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Shooting "Zodiac"

"The old Chronicle newsroom was a city-block long. Everything was authentic – the light fixtures, old typewriters, the molding, the U-shaped copy desk. Everything worked – old phones, drinking fountains, elevators and pneumatic mail tube stations. The desk drawers were even stocked with Chronicle notepads and Eagle pencils. Yet who would know the difference all these years later if those details were wrong? David Fincher would.” - Author Robert Graysmith.

The look of "Zodiac” had a singular mandate – restraint.

Although it is a period film, several periods in fact, "I didn't want pastiche or early `70s kitsch. Not Starsky and Hutch, not so much harvest gold and avocado appliances or homage to Peter Max,” says Fincher. "But I wanted it to be true and that meant, surroundings informed by older siblings, a world that would reflect their parents' time as well in terms of the houses they grew up in. Things carried down over generations most of us have. You can see that certainly in Robert's bachelor pad. I suppose there could have been more VW bugs but I think what we show is a pretty good representation of the time. It is not technically perfect. There are some flaws but some are intended. You will definitely know it from the music.”

Fischer said five weeks of the film's production was shot in the Bay area, the rest in Los Angeles. He credits Producer Ceán Chaffin with a smooth run. "Ceán managed an incredibly complex, 100 day-plus production between the Bay area and Los Angeles and brought it in under budget. She's one of the best line producers in the business,” Fischer says. "She's able to strike that fine balance of getting the director what he wants while managing the financial needs of the picture, and all the while maintaining the respect and admiration of the crew.”

In Los Angeles, the San Francisco Chronicle was built in the old Post Office in the Terminal Annex Building downtown. A building on Spring Street subbed for the Hall of Justice and SFPD. Since the Blue Rock Springs golf course is completely different today than it was in 1969, other sites outside of L.A. were used. Vallejo has also changed dramatically so some of the scenes were shot in Downey to simulate it. In the Bay area, the production filmed for five weeks.

Production Designer Donald Graham Burt says one of the costliest sets on location was Lake Berryessa where Shepherd and Hartnell were attacked. "When we got there, there was a little spit of land like a little peninsula that jutted out into the water. The oak trees the killer hid behind were gone. We had to helicopter in two huge oaks trees. We drilled holes in a piece of the land and hauled in some water so they wouldn't die. We set them up for 3 or 4 days before filming knowing they would only have a few days,” Burt says. "We really reconstructed that from photographs taken of the site during the day.”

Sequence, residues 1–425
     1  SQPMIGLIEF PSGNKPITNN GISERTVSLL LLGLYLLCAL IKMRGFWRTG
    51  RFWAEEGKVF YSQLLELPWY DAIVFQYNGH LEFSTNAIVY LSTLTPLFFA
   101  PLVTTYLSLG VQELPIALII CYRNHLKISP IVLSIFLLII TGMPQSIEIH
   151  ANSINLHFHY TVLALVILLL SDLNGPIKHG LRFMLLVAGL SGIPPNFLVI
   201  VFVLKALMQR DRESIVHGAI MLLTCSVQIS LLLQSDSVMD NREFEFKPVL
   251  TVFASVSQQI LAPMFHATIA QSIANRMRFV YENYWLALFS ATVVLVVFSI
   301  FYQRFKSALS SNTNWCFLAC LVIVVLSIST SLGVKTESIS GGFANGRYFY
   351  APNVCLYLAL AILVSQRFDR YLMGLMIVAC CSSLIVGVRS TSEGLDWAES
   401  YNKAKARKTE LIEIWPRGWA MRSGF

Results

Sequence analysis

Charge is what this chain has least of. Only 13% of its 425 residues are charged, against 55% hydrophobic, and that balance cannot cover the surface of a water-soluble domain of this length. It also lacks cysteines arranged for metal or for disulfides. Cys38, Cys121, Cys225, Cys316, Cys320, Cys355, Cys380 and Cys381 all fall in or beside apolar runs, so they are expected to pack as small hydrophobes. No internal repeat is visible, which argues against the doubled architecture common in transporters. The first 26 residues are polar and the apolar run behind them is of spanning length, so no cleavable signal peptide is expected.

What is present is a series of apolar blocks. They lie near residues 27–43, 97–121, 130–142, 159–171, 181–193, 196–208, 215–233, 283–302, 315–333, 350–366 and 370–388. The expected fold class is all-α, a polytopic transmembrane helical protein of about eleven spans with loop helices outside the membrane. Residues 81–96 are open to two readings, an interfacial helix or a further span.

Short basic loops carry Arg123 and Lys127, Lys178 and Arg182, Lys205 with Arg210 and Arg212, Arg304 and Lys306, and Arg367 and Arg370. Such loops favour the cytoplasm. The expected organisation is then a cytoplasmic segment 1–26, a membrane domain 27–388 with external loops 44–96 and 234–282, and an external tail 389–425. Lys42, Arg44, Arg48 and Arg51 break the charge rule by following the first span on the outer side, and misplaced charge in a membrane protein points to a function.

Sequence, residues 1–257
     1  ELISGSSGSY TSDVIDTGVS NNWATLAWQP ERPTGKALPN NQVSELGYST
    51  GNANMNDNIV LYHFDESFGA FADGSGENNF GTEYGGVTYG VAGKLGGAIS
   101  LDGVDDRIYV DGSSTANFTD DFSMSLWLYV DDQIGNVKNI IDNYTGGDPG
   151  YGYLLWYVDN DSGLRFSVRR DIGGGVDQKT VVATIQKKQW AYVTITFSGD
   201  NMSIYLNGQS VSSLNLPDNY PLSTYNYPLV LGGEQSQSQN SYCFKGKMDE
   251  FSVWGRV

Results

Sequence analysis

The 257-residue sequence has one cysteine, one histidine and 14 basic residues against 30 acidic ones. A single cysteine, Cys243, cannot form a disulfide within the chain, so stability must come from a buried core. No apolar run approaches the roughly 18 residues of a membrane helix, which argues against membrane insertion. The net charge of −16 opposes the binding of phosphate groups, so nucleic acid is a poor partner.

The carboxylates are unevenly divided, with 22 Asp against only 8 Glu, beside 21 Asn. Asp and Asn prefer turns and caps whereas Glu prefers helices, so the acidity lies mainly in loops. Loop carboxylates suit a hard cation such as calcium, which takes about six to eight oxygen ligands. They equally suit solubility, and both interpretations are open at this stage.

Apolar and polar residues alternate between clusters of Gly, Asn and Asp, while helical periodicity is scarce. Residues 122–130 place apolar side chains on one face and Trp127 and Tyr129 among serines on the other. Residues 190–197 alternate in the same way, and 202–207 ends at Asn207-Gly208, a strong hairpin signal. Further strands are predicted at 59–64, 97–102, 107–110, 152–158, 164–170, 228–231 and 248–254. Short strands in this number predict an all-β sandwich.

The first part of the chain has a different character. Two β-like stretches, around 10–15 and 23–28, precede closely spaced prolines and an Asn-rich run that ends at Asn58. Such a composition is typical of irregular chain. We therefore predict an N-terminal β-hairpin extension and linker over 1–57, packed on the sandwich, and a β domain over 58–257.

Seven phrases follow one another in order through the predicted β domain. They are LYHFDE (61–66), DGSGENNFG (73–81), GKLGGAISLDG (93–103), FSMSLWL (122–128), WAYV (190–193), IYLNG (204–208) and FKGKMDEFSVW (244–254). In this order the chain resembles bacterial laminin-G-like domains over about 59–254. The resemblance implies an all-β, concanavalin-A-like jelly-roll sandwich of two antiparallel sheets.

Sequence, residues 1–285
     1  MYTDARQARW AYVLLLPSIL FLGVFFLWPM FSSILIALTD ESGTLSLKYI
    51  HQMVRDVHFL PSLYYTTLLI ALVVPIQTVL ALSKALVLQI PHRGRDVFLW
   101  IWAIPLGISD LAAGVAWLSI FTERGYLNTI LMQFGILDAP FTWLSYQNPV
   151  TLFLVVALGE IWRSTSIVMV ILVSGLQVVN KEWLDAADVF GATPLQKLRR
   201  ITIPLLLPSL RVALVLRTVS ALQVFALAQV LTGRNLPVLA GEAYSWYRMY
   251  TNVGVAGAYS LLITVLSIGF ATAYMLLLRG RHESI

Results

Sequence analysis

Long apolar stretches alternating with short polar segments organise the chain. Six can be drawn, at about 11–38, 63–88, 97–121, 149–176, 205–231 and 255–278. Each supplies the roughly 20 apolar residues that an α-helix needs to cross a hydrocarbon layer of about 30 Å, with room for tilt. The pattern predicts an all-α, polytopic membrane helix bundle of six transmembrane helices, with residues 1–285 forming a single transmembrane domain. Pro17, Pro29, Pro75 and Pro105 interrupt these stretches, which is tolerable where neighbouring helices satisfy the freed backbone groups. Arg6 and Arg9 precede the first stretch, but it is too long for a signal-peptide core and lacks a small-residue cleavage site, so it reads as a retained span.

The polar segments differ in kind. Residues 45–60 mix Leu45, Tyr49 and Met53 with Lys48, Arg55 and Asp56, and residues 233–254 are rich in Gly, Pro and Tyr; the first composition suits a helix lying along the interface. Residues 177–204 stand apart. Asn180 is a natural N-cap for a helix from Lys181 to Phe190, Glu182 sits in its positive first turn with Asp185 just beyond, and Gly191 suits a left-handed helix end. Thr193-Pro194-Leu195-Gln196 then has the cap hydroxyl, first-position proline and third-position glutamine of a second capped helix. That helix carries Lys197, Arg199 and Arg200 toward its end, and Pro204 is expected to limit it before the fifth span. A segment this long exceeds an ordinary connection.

Fischer says the trees were critical to the story, "because the Zodiac hid behind those oaks and Cecilia saw him there. They were some kind of protected California oak! It was an expensive prop.”

As for wardrobe, Graysmith provided Costume Designer Casey Storm with photographs from the ‘60s and ‘70s, "probably taken by the paper's staff photographer. Because a lot of the people in this story are still alive it was very important to make them feel comfortable with how we portrayed them then. Actually, I've never done a film with so many real life individuals. With the look overall we tried to keep it real because it is about reporters and cops and they aren't necessarily known for being overly stylistic.” 

Storm says he used police photos of the murdered victims' clothing. "We duplicated the exact garment Darlene Ferrin wore, a blue tank top jumpsuit. We scanned the image and made the fabric from scratch,” Storm says. "There's something a little morbid about it but at


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